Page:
RVR MEN SKill #8 - Order and Taste Wine in a Restaurant. Excerpt from Men: 10 Essential Skills below. By Kurt Gunkel - Masciarelli Wine Company
It’s all about personal taste.
There are only two kinds of wine: wine you like and wine
you don’t. The enjoyment of wine, like food, is very personal
and subjective. Ask a dozen people what toppings they
like on their pizza and you are likely to get twelve different
Why then, are we so intimidated when having to select a
wine from the list at a fine restaurant? I think it is the perception
that there are rigid food-and-wine-pairing rules that we
are supposed to adhere to. We are afraid of making a mistake
by ordering the “wrong” wine. We stress at the thought of ordering
wine for the table and choosing one that some snooty
sommelier may sneer at and say, “Are you sure you want to
drink that with your meal?” Yikes!
The notion that there are proper food and wine pairings
is ingrained in our culture. There are a myriad of books, magazines,
and wine education classes devoted to the subject of
pairings. However, these can also perpetuate certain myths
about wine and intimidate anyone trying to decide what wine
to drink. We are told that for every dish there is a perfect wine
and many mistakes can be made by choosing wines that just
“don’t go” with certain foods. We are led to believe that learning
food and wine pairing is difficult, requires in-depth wine
knowledge, and is better left to the experts.
Can you learn from the experts? Absolutely. You can learn
a lot. Should you take it as dogma? No way. We are all quite
capable of determining what we like to eat and drink. The best
way to figure out what really works for you is by experimenting.
There are many good wine shops that conduct tastings for their
customers. Take advantage of these and try as many wines as
you can. While tasting different wines, you’ll think to yourself,
“Gee, this wine would be perfect with a filet.” Or “That wine
would really go great with salmon.” You don’t need anyone to
tell you what you enjoy. Just as you’ve developed a palette for
certain foods over time, you will do the same with wine.
Okay, you’re hosting a dinner at Chez Expensive and need
to select wine for the table. You have some experience with
wine, maybe not a lot, but you have a vague idea of what you
like. You open the lengthy wine list, scan the 400 or so wines
and don’t recognize any of them. How are you possibly going
to make a decision?
Well, you basically have three options:  read the wine
list from right to left and choose by price (uh, not a good idea);
 ask your guests if anyone would like to select the wine
(unless there’s a wine geek at the table, it’ll be up to you); and
 by far the best option, engage your server/sommelier.
Any good restaurant with a comprehensive wine list will
have a sommelier or wine director on staff. They are the most
underutilized resource in many restaurants. These wine gurus
are not only well educated but are also passionate about wine.
They have put much effort into selecting wines for the list to
complement the chef ’s menu and have intimate knowledge
of each bottle. They are like little kids who can’t wait to show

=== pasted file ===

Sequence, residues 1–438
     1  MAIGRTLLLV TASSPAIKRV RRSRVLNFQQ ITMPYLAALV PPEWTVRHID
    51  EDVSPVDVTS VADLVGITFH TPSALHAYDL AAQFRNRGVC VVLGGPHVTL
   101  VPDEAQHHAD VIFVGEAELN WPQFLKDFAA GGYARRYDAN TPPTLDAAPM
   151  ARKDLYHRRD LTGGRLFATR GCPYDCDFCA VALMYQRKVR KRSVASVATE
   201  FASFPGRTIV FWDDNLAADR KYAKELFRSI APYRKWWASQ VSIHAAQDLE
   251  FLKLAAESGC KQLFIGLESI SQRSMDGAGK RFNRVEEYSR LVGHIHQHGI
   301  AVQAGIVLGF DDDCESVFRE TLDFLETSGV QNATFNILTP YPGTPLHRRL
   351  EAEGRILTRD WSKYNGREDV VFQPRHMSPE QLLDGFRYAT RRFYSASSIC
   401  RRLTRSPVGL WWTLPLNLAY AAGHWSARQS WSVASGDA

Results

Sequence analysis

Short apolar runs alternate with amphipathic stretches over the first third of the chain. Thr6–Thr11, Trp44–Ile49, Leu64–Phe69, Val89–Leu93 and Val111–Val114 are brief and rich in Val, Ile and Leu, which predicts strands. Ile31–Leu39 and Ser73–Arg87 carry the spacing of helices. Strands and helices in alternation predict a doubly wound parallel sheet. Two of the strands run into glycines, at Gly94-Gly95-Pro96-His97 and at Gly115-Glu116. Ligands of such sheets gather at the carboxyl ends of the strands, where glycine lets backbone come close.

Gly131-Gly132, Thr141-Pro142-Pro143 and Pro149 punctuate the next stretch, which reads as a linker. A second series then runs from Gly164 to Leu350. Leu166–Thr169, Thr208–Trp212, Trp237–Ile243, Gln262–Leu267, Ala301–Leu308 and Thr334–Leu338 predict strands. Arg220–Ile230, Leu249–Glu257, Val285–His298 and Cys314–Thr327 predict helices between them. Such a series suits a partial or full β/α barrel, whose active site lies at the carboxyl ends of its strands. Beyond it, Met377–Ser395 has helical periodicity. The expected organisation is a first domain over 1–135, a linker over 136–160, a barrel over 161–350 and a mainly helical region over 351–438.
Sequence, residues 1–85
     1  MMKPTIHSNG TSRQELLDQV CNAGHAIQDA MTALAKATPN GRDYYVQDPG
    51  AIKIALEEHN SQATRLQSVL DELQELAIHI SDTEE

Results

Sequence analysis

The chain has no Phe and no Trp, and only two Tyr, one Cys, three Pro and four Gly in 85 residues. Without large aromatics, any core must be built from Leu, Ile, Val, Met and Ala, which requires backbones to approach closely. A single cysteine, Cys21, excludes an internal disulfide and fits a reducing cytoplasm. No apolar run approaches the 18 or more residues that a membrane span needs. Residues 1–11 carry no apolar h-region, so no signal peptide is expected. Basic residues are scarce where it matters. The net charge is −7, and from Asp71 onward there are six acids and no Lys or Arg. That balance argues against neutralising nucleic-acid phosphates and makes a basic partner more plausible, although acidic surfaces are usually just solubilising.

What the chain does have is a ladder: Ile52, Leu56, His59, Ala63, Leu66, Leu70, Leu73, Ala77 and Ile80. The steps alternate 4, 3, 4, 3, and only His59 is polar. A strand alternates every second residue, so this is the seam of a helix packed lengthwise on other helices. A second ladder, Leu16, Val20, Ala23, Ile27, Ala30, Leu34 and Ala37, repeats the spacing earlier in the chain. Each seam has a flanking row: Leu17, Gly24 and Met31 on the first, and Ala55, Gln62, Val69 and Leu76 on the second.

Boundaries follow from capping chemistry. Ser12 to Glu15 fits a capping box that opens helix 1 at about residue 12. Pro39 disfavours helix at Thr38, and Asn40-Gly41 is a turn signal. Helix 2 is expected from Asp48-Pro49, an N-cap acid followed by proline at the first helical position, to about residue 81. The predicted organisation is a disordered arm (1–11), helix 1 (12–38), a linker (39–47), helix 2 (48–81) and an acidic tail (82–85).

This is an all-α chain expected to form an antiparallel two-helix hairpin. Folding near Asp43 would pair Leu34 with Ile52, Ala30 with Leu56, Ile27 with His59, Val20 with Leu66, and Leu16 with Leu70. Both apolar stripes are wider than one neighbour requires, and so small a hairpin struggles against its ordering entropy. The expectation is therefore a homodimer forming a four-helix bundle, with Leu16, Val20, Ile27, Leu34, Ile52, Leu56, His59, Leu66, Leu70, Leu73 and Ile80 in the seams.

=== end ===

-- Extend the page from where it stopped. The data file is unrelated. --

off their new toys. They respond well to people who appreciate
their work and express genuine interest. Don’t be shy.
Ask them lots of questions. “Do you personally taste all the
wines on the list? Do you have any favorites? What do you
Every wine list will reveal something about the sommelier’s
personality. It might focus on small loire producers, or have a
great Riesling selection, or feature some interesting Oregon
Pinot Noirs. This is where his passion lies. Ask about these. If
you’re someone with limited wine exposure, you can learn a lot
from these guys.
When selecting the wine for dinner you need to provide
the sommelier with as much information as possible to come
away with a bottle (or bottles) you will enjoy at a price you feel
comfortable paying. What is everyone ordering? Will you be
having wine with the appetizer course as well as dinner? Do
you want red or white? How about starting off with champagne
or sparkling wine? Have you had a wine recently that
you really enjoyed? Maybe he can suggest something similar.
Discreetly let the sommelier know your price range. A good
trick is when engaging the sommelier, point to a wine on the
menu in your price range, or mention a wine that you like in
your price range. The sommelier will take your lead and make
a few recommendations. He should explain why he chose the
wine and why it meets your criteria. Then it’s up to you. Make
your selection and get ready for the wine presentation ritual.
There are some basic guidelines—not rules—you might
want to consider in the absence of knowledgeable waitstaff or
a sommelier. The better values are often found in the midprice
range of the wine list. The least expensive and the most
expensive wines commonly carry the highest markup. Regional
wines will usually go well with regional foods. Wine
should complement the food. Typically you will want to
match lighter foods with lighter wines and heavier foods with
heavier wines. You don’t want the wine to overpower the food
or the food to overpower the wine. You want the flavors of the
food and wine to play nicely together. Apart from that, it’s all
about your personal taste.
Wine is an adventure. Go forth, drink, and enjoy.